The financial components of a company’s financial statements include assets, liabilities, equity, and capital. If you want to learn more about a specific financial component, you can find information on its own page, which is often labeled as “the page” or “the area.”
An asset is an item of value that the company controls and can use to produce revenue or generate profit. Assets are recorded on the balance sheet and generally include things such as cash, inventories, property, and investments.
A liability is an obligation of the business that has to be paid by someone else. On the balance sheet, you’ll see liabilities listed as an amount owed and are often categorized as “current” or “non-current.”
An equity account represents the amount owned by the company. This amount is called the “owners’ equity” and is usually recorded on the balance sheet as a debt or “owed” amount.
How to Read Financial Statements
When reading a financial statement, it’s important to understand the basic format and what each item on the page means. If you skip these details and get lost in the weeds, you’ll miss the big picture.
The first thing to know is the two different types of financial statements. The two types of financial statements include: – Balance sheet – It lists assets, liabilities, and equity at the company’s beginning point. It also includes the “book value” of the items listed. – Income statement – It shows revenue, expenses, and net profit/loss during a specific period.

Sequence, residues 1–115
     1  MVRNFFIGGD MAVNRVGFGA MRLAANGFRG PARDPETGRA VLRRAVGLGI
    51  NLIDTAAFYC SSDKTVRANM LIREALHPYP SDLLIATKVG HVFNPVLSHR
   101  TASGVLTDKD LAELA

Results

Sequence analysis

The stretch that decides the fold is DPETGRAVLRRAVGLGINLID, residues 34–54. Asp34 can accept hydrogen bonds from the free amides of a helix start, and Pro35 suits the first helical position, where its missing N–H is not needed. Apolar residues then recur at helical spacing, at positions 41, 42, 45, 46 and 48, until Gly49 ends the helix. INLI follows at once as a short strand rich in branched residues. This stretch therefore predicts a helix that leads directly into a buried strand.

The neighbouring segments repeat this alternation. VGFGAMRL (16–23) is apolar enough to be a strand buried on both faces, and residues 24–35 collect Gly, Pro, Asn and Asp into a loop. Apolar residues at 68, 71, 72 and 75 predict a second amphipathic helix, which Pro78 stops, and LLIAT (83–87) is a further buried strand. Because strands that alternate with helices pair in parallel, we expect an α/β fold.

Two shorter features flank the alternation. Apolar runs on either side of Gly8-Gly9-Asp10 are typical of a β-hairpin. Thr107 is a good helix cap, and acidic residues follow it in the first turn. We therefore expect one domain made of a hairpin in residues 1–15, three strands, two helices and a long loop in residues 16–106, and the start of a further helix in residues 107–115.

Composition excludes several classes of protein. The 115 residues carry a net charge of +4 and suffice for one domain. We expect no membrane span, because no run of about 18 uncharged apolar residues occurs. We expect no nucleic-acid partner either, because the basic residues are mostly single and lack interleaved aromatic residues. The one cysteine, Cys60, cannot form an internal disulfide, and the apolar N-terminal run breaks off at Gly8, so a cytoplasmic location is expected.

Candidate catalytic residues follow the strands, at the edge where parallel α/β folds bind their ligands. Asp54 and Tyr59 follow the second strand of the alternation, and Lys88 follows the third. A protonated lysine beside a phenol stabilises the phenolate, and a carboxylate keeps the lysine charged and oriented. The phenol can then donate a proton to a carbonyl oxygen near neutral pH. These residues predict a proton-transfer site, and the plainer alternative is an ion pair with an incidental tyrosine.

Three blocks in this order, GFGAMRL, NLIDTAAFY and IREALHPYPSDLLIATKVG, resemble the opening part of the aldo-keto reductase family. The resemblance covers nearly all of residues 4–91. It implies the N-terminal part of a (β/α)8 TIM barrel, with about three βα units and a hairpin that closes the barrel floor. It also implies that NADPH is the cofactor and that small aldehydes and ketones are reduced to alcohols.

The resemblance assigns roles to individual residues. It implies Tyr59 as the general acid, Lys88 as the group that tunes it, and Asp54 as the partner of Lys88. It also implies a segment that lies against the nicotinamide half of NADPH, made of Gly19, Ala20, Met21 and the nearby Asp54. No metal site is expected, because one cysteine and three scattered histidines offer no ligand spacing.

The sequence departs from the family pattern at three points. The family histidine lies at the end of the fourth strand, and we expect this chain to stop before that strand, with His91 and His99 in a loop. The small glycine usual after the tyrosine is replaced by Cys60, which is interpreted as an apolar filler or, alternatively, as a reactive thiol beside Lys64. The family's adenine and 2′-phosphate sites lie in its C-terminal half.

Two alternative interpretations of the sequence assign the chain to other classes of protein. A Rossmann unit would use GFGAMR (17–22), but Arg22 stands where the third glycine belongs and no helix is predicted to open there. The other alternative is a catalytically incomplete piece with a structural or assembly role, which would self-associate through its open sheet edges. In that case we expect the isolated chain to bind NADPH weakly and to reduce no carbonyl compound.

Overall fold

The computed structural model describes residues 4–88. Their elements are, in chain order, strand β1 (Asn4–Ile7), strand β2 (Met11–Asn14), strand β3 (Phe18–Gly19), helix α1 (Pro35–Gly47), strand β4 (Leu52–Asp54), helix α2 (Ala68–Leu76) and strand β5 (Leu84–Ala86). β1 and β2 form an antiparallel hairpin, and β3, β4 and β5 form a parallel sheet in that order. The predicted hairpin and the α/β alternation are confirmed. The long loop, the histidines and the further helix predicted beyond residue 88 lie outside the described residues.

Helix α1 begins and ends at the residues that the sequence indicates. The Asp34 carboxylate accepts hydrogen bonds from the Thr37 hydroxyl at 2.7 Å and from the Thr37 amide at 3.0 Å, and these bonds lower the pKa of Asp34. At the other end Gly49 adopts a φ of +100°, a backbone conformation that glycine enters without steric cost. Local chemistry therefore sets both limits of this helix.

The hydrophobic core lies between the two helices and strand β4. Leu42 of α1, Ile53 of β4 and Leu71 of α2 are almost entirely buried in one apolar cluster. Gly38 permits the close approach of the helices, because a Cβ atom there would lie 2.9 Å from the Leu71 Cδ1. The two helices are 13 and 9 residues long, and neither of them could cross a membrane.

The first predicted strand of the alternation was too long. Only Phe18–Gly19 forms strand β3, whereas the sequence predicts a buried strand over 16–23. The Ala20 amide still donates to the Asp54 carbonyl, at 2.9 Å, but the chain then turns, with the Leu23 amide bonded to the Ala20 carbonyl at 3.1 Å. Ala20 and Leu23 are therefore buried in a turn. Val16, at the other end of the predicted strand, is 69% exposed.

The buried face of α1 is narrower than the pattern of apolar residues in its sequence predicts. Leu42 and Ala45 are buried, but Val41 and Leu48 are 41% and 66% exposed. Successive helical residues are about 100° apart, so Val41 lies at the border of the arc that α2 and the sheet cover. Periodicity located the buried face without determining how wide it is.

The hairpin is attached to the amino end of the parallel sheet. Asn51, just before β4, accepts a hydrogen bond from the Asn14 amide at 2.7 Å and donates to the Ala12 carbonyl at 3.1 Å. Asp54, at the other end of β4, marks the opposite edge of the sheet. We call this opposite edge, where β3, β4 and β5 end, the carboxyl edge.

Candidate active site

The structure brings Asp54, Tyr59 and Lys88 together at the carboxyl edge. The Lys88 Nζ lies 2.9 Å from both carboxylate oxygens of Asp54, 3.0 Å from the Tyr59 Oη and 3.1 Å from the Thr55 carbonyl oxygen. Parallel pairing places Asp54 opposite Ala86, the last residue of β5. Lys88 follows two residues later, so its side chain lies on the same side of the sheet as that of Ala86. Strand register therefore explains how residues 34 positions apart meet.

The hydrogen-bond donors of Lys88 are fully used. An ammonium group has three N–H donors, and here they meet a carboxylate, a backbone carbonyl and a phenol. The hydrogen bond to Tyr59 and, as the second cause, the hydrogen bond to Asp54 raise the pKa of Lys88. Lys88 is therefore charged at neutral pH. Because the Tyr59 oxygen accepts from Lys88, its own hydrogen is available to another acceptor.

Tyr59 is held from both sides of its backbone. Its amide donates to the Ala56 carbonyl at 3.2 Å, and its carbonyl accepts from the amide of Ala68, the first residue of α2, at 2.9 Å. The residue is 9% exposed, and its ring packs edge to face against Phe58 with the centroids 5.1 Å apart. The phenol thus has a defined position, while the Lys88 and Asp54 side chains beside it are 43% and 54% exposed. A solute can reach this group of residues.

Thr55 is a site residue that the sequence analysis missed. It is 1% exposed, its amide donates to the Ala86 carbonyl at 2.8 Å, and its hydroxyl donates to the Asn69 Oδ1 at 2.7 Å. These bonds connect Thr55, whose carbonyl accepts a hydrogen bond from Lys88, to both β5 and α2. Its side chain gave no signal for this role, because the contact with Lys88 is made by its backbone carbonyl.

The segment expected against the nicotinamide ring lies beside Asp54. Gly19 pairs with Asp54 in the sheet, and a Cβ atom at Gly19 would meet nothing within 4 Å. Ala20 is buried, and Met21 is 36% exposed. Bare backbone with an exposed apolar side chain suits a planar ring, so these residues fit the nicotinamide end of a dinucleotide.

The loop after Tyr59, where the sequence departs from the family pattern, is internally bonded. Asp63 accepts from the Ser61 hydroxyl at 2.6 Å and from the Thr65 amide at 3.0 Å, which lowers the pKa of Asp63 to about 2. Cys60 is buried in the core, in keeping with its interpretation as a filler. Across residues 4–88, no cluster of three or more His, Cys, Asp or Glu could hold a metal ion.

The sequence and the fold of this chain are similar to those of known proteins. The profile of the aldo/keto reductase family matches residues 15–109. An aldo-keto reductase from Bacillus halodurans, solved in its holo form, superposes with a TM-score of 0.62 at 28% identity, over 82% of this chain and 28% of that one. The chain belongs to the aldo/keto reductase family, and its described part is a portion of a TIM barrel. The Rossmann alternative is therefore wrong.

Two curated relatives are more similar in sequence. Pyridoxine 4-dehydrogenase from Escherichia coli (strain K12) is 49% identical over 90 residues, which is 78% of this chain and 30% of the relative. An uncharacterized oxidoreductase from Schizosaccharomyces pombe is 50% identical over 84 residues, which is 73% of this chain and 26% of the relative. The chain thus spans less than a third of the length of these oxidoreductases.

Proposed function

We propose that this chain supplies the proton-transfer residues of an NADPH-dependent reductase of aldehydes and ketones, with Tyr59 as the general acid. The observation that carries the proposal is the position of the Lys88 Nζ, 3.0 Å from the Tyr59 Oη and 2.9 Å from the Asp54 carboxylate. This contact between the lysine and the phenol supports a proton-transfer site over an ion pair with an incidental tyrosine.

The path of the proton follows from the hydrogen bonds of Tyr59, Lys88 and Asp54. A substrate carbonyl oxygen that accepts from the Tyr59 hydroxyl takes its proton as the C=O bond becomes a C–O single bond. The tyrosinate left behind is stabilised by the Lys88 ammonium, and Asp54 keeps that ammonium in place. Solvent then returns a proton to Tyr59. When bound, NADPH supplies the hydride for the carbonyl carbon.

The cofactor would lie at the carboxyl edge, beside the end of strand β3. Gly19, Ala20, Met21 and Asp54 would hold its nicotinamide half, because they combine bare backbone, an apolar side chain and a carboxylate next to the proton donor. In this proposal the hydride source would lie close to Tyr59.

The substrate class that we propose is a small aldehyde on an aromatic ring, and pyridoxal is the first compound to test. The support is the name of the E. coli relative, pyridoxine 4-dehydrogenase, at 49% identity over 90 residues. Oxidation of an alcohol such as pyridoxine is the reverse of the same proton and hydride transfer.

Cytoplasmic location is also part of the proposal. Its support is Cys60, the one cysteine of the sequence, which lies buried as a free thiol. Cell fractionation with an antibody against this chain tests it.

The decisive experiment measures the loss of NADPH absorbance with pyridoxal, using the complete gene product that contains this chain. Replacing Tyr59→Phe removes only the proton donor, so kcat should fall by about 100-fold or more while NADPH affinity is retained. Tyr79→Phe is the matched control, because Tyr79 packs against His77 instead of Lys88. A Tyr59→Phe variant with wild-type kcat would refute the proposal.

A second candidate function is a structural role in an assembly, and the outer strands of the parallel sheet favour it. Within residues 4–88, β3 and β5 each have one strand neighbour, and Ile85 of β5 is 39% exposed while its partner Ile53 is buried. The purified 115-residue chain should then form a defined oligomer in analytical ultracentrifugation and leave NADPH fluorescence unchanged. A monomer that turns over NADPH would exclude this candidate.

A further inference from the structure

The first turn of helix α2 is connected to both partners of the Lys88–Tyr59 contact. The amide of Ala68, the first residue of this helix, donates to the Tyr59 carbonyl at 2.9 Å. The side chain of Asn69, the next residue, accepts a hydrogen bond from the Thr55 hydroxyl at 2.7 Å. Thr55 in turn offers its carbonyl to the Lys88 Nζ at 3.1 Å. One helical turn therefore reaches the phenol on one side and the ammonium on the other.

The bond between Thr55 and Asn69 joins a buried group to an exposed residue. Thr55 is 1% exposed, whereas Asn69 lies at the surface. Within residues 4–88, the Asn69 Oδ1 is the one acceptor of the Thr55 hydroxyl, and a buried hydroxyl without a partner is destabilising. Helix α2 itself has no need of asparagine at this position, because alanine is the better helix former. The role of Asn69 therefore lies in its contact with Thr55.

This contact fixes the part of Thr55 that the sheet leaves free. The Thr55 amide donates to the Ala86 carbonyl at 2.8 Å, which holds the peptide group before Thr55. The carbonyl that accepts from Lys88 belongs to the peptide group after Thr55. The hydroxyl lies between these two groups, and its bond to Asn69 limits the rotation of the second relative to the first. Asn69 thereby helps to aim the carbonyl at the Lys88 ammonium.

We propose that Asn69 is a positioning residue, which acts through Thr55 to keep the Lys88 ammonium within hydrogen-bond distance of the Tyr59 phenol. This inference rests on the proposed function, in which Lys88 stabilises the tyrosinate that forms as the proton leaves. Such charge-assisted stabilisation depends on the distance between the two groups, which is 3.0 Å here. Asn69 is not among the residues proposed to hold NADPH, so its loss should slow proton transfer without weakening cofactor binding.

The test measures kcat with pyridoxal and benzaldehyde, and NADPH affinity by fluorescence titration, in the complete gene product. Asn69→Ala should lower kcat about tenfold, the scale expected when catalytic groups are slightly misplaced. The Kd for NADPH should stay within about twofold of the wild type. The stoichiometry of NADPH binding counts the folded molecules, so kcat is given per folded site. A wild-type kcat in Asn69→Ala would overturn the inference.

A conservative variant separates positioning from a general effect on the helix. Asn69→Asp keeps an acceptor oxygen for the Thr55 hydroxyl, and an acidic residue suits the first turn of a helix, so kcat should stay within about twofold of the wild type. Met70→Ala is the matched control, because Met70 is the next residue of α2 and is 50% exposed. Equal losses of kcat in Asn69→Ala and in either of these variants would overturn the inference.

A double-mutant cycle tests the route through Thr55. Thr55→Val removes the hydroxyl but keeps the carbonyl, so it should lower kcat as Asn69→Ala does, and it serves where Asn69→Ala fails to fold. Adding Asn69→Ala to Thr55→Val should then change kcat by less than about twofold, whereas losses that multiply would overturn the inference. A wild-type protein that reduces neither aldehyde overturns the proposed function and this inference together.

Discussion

Next, make sure you understand the different categories of financial statements. The four categories of financial statements are: –
Financial statements – These include the balance sheet, income statement, and cash flow statement. – Supplementary information – This section of the financial statement (typically found at the bottom) may include information such as the number of shares outstanding, and a note about the figures. – Notes – These provide additional information, such as a description of a footnote on the financial statement, or a note about a figure on the statement.
Asset accounts include cash, inventory, and accounts receivable. A company records its asset account at the date of purchase and updates the account according to its original value. For example, if the company purchases $10,000 worth of inventory, it records that amount as its asset account. At the end of the fiscal year, the company will write off that amount as unsold inventory, decreasing the asset account’s value.
A liability account is created when a business agrees to pay an individual or organization for services or goods the company has provided. The amount the business owes this person is called the liability account.
Equity accounts include the company’s owned shares, or equity. The amount shown as the “debt” owed to shareholders represents the company’s ownership in the business.
This category includes several subcategories, including “net equity,” “net debt,” “total equity,” and “total debt.” “Net equity” represents the current amount owned by the company, “net debt” includes the amount owed to creditors, “total equity” includes the total owned by the company and “total debt” represents the total owed to creditors.
When analyzing a company’s financial statements, remember to keep in mind the four main components: assets, liabilities, equity, and capital. These components will help you understand the company’s financial health and future plans.
Financial statements are an important part of any business’s operations. Understanding the components of a company’s financial statement can help you spot problems before they become major issues.
With practice or by taking financial statement courses, you’ll be reading financial statements like a pro in no time.